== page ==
• Don't gamble with HIPAA security compliance
    The author of this article, Ramon Padilla, thinks the HIPAA security compliance guidelines left too many loopholes for foot-dragging IT departments. Read his recommendations for becoming compliant and documenting your efforts.
  • Congress calls for paperless health records
    According to politicians, the United States needs to get moving on a nationwide shift to paperless medical record-keeping. Get more details in this CNET report.
  • Prepare to comply with HIPAA privacy standards on individually identifiable information
    Healthcare organizations must comply with HIPAA standards for the privacy of individually identifiable health information. Read this classic article to make sure you know everything that is considered individually identifiable.
  • Is your storage management process HIPAA compliant?
    The question for CIOs, IT directors, and everyone charged with securing the company's network is: When the auditors come looking at your operation, will you be HIPAA compliant?
  • HHS publishes final rule for HIPAA Security Standards
    After four years and more than 2,300 public comments, the final rule for HIPAA Security Standards was published in the Feb. 20, 2003, Federal Register. The new rules took effect on April 21, 2003, with the deadline for compliance for most covered entities two years later on April 21, 2005. Also published in the Feb. 20 Federal Register were several modifications to the EDI transaction standards used by healthcare entities to electronically communicate healthcare information.
  • Thin clients can aid in HIPAA compliance
    For CIOs working in the healthcare sector, thin client appliances are an excellent alternative to PCs in organizations that must comply with HIPAA regulations. This classic article discusses the benefits of thin client computing from a HIPAA standpoint.
  • HIPAA EDI Implementation Guides
    All X12N Implementation Guides adopted for use under HIPAA and their corresponding addenda are available in three configurations from the WPC On-Line Store. Check them out here.
  • Private Practices & Unauthorized Use or Disclosure of PHI Top OCR's Privacy Rule Complaints
    Check out the latest HIPAA news, courtesy of Phoenix Health Systems. For example, as of June 30, 2005, 13,733 complaints alleging Privacy Rule violations have been filed with the Department of Health and Human Services' (HHS) Office for Civil Rights (OCR), reports the Fort Wayne News-Sentinel.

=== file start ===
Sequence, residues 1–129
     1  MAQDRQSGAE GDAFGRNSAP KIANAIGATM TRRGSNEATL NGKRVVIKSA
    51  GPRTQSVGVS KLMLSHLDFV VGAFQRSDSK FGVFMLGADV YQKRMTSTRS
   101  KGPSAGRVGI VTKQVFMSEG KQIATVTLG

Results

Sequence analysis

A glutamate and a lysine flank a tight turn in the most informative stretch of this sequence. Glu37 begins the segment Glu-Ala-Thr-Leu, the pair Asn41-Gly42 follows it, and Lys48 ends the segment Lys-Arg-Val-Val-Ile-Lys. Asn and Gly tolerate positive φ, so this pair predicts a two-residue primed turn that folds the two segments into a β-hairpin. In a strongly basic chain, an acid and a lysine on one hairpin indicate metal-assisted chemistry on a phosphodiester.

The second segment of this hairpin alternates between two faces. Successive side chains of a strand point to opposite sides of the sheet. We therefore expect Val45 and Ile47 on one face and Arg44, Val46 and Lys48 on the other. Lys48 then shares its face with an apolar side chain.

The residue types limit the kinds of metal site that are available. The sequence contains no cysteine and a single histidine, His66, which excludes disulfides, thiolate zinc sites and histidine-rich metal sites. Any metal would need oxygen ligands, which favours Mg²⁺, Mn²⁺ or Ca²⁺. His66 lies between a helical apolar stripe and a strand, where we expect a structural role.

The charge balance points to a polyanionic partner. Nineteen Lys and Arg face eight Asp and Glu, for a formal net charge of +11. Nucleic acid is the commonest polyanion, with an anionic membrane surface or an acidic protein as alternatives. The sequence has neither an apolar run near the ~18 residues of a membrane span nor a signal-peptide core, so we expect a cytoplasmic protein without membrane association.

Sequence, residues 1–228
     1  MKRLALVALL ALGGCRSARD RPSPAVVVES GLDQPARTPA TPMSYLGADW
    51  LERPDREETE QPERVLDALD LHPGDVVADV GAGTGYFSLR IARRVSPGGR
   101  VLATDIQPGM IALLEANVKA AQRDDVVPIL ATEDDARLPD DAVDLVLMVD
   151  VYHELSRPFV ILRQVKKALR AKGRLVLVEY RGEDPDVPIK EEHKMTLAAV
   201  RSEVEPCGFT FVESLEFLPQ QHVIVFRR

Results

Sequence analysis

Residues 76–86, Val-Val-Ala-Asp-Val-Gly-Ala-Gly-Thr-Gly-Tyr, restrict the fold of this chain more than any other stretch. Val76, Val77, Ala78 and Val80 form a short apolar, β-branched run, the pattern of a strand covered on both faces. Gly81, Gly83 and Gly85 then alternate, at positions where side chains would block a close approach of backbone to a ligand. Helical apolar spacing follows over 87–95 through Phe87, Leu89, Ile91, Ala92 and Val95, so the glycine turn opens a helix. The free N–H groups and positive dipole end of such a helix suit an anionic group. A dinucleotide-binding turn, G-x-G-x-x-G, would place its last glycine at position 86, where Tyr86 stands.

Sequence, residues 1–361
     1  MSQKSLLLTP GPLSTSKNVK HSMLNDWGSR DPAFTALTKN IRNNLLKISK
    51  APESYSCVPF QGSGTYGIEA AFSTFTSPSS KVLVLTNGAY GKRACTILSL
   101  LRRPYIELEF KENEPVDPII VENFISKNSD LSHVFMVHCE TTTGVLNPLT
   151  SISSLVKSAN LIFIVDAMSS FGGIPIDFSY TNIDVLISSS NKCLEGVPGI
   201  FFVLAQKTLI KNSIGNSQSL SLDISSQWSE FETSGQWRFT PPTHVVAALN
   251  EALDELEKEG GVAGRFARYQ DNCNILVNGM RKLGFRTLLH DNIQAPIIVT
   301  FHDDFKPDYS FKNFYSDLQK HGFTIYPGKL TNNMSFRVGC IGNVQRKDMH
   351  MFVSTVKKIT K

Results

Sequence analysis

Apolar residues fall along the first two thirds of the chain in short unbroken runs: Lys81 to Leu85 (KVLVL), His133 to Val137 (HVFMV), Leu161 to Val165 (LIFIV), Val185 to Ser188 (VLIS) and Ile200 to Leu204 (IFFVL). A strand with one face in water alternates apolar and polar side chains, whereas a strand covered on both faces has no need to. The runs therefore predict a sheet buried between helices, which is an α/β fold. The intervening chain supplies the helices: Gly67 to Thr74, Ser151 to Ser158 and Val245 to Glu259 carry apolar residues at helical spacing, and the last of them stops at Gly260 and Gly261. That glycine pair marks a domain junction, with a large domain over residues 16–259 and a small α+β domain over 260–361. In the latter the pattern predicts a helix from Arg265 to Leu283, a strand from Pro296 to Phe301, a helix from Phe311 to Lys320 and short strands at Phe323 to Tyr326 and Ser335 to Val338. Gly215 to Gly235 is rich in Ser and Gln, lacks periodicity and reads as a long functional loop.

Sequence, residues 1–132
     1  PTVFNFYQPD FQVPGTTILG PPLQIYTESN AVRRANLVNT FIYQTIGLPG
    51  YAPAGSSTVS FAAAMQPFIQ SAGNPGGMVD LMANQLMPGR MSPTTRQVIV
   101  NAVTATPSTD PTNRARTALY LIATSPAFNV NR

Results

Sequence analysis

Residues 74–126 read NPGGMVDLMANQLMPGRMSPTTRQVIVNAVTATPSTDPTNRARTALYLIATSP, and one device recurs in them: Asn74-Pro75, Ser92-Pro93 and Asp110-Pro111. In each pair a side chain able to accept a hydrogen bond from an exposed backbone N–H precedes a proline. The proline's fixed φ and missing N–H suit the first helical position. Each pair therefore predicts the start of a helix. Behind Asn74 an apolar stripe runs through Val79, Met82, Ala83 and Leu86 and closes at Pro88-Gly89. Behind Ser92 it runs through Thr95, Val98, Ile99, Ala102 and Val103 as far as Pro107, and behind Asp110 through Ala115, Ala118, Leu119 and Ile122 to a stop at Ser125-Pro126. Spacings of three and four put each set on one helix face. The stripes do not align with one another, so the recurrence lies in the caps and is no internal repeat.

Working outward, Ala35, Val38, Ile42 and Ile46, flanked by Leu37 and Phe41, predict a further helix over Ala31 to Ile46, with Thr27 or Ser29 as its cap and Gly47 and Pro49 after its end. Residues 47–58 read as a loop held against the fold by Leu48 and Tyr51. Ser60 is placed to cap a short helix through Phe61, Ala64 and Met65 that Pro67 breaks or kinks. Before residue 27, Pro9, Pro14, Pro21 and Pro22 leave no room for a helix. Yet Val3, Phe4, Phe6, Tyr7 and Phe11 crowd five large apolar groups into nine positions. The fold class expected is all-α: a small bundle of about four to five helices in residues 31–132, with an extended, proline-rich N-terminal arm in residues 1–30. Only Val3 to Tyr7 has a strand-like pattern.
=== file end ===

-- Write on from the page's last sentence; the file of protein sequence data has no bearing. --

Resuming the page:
White papers

  • Leveraging the Internet for HIPAA-Compliant Process Automation
    Administrative and financial transactions associated with healthcare delivery make up 20% - 25% of the overall costs. Automating these processes is a main focus of HIPAA legislation—an initiative which leaves no healthcare participant on the sidelines. Read this white paper from Tumbleweed Communications to learn how companies are attempting to automate their transactions, while ensuring privacy and security of Protected Health Information (PHI).
  • The Seven Steps to HIPAA Security Compliance
    The focus of this paper by HIPAA Academy, and sponsored by Computer Associates International, is on the HIPAA Security Rule. It also examines the seven critical steps that HIPAA Compliance and Security Officers can follow to assist organizations with their compliance initiatives.
  • HIPAA and Its Impact on IT Organizations: How Identity and Access Management Systems Can Play an Important Role in HIPAA Compliance
    Identity and Access Management (IAM) solutions, like those available from Netegrity, a division of Computer Associates International, will aid in timely and cost-effective implementations. This paper from Computer Associates explains why, if your organization is considered a covered entity under HIPAA, you should start to think about IAM solutions.


Course list

  • Lesson 1: Sarbanes-Oxley
  • Lesson 2: HIPAA
  • Lesson 3: Gramm-Leach-Bliley
  • Lesson 4: FERPA
  • Lesson 5: U.S. Patriot Act
  • Lesson 6: European legislation
  • Lesson 7: What's next?